Fact or Myth: Is Exercise For Cancer A “Wonder Drug”?

This is a MYTH.

Cancer Survivors Should Rest Up and Avoid Exertion

Exercise for cancer patients should actually be prescribed, according to a new report from Macmillan Cancer Support. Macmillan is a London-based charitable agency devoted to pushing for better cancer care and improving the lives of people affected by cancer by providing practical, medical, and financial support.

According to the Macmillan report, exercise is a “wonder drug” for cancer survivors and may prevent the disease from recurring. Rather than telling a patient to “rest up” as in the past, doctors should encourage those healing from cancer to get moving as soon and as much as possible. exercise for cancer

The recent Macmillan report is based on hard evidence showing that exercise can help the healing process and prevent other long-term illness.

The evidence comes from a review of more than 60 studies showing that exercise significantly benefits not only cancer survivors, but also those undergoing active treatment for cancer.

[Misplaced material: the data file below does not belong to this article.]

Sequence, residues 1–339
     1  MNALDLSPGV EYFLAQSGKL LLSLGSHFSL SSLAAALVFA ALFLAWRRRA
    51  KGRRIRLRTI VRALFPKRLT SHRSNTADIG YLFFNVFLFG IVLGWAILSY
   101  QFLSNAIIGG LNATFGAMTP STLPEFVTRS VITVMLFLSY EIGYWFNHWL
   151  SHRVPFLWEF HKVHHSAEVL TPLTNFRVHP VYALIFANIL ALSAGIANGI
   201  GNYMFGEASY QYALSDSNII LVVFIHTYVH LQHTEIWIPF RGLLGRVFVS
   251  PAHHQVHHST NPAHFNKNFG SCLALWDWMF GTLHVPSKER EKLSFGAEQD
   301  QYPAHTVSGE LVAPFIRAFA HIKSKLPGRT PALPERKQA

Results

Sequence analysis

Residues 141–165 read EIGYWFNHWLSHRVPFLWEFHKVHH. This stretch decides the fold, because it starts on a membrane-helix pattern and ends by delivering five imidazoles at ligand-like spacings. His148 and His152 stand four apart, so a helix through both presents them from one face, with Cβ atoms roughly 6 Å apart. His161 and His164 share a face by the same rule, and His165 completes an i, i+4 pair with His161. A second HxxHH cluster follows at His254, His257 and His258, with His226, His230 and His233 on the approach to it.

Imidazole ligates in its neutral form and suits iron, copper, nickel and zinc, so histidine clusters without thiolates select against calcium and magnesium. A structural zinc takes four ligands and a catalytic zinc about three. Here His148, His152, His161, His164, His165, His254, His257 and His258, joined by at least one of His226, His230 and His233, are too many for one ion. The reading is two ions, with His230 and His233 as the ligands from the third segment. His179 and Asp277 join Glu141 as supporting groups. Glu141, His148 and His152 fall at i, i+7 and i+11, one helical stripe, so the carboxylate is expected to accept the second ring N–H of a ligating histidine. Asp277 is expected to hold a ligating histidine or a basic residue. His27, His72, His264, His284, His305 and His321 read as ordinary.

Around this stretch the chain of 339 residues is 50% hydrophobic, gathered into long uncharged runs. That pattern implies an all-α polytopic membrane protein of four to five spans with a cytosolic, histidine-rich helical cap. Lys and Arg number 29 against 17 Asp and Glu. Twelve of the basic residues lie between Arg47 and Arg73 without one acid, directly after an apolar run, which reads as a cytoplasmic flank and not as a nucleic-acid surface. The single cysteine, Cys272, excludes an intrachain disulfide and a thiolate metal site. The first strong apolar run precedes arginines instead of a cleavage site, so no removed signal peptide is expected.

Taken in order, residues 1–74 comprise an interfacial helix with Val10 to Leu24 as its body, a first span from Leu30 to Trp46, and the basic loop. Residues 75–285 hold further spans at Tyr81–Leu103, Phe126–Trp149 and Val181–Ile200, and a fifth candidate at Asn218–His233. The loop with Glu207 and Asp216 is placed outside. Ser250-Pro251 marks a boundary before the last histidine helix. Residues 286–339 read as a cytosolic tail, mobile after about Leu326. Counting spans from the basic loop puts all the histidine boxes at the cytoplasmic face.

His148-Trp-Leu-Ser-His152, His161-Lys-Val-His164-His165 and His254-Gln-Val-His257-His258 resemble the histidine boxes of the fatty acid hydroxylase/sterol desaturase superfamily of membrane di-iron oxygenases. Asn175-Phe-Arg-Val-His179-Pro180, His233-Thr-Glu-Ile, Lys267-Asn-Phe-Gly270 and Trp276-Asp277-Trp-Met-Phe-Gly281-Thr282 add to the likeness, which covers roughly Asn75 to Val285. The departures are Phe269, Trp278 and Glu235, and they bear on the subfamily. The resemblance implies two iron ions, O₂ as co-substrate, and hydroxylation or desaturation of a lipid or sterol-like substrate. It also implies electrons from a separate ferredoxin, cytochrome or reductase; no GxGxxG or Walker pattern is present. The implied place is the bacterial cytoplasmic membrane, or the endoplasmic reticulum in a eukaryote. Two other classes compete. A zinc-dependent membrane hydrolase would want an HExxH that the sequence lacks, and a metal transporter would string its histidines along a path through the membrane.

An article in the Metro Herald reported the details:

    • Women with breast cancer who exercised for 150 minutes a week had more than a 40% lower risk of dying and recurrence of disease than those who exercised for less than an hour a week.

    • Bowel cancer recurrence could be reduced by 50% with 6 hours weekly exercise, and prostate cancer progression reduced by 57% with 3 hours weekly exercise, the report found.

    • During treatment, exercise positively affected mood and well-being.

    • Post-treatment side effects such as swelling, anxiety, depression, and fatigue were notably reduced.

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